Lúnasa performs traditional Irish music on Friday evening


The Irish group Lúnasa performs its blend of traditional and contemporary Celtic sounds on Friday at University Auditorium. (Courtesy of Con Kelleher)

Published: Thursday, February 28, 2013 at 6:01 a.m.
Last Modified: Thursday, February 28, 2013 at 8:27 a.m.

Celtic music fans won’t have to cross the ocean to hear traditional Irish songs on Friday. The five-piece Irish acoustic band Lúnasa will perform its variations of traditional and modern Celtic music at University Auditorium in a concert starting at 7:30 p.m.

Facts

Lúnasa

What: Instrumental Irish group performs Celtic music on traditional instruments
When: 7:30 p.m. Friday
Where: University Auditorium, 333 Newell Drive
Tickets: $15-$30
Info: 392-2787, Ticketmaster.com

The group, which is named after the ancient Celtic harvest festival honoring Lugh, the Irish god of the arts, will perform both newly composed works and traditional Irish folk and dance songs, but with a twist. Flautist Kevin Crawford says his band’s arrangement is unique in that there are no vocals. Instead of singing melodies, Lunasa plays them on traditional Celtic instruments including the fiddle, Uilleann bagpipes and the low whistle, which is similar to a pennywhistle, but produces lower tones.

“The thing that sets us apart is the arrangement and use of accompaniment,” Crawford says. “The bump and grind of the band is provided by the double bass and guitar. When we started out, we were the only group to use those instruments as a rhythm section.”

The band, which has performed across the United States and in Europe, Japan and Australia, is composed of Crawford on the flute, Sean Smyth on fiddle and low whistles, Trevor Hutchinson on double bass, Cillian Vallely on Uilleann pipes and low whistles, and Ed Boyd on guitar. The group formed in 1996 and has since given more than 1,500 performances. The band recently released its ninth album, “Lúnasa with the RTE Concert Orchestra.”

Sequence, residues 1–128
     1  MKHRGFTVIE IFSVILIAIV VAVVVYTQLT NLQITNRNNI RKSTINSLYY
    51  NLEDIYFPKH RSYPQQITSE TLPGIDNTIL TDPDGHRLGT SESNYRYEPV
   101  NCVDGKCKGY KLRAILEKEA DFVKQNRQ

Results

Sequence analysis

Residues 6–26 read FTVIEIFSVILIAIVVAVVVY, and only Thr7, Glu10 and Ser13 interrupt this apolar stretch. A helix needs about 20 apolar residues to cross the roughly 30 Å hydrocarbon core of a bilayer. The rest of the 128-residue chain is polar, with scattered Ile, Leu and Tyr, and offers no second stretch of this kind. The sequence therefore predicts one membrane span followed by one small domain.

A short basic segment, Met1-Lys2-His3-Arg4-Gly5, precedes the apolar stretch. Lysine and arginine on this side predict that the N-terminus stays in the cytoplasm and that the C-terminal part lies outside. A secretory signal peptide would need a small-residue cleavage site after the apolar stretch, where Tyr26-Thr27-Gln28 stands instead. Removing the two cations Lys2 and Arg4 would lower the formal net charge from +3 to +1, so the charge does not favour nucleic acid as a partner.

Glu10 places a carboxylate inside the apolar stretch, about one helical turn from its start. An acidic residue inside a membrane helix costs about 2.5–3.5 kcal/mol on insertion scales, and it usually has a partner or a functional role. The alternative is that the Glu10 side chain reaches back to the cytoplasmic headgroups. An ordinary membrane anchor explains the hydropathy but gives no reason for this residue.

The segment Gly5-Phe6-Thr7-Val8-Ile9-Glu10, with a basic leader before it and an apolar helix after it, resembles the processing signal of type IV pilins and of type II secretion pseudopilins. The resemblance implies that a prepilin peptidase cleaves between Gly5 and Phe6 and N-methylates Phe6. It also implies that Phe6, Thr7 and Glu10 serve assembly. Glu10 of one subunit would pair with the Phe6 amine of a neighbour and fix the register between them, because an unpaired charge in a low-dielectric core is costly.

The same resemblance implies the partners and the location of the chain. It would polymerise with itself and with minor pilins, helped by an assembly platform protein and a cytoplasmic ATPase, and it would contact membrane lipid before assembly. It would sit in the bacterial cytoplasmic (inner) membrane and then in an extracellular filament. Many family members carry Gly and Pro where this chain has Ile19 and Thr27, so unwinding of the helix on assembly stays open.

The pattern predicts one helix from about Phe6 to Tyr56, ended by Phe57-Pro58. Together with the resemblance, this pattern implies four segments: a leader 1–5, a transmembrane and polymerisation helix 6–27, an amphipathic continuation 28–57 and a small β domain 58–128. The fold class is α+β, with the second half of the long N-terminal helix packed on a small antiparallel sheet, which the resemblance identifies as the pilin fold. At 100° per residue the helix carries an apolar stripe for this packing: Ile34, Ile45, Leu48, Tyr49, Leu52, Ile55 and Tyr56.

In addition to music from Ireland, Lúnasa samples melodies from other Celtic regions including Brittany in France and Galicia in Spain, as well as music from Quebec and Eastern Europe, Crawford says.

“We’ve taken melodies from lots of corners of the globe. We take the audience on a journey though lots of Celtic regions,” he says.

Though the band members are serious about their musical craft, they take themselves a lot less seriously, Crawford says. “We like to give audiences a glimpse of Irish music but also a glimpse into the humor of Ireland as well.”

He says Lúnasa encourages audience participation and hopes audience members leave in high spirits.

“I hope everyone comes away a lot happier than they came in,” he says. “It doesn’t get much better than the live rush. Every night is different because there are different audiences. It’s all about the interaction between us and them.”

Lúnasa performs at University Auditorium at 7:30 p.m. Friday. Tickets are $20-$30, $15 for balcony seats, and $10 for UF students. For more information, call at 392-2787.

Reader comments posted to this article may be published in our print edition. All rights reserved. This copyrighted material may not be re-published without permission. Links are encouraged.

▲ Return to Top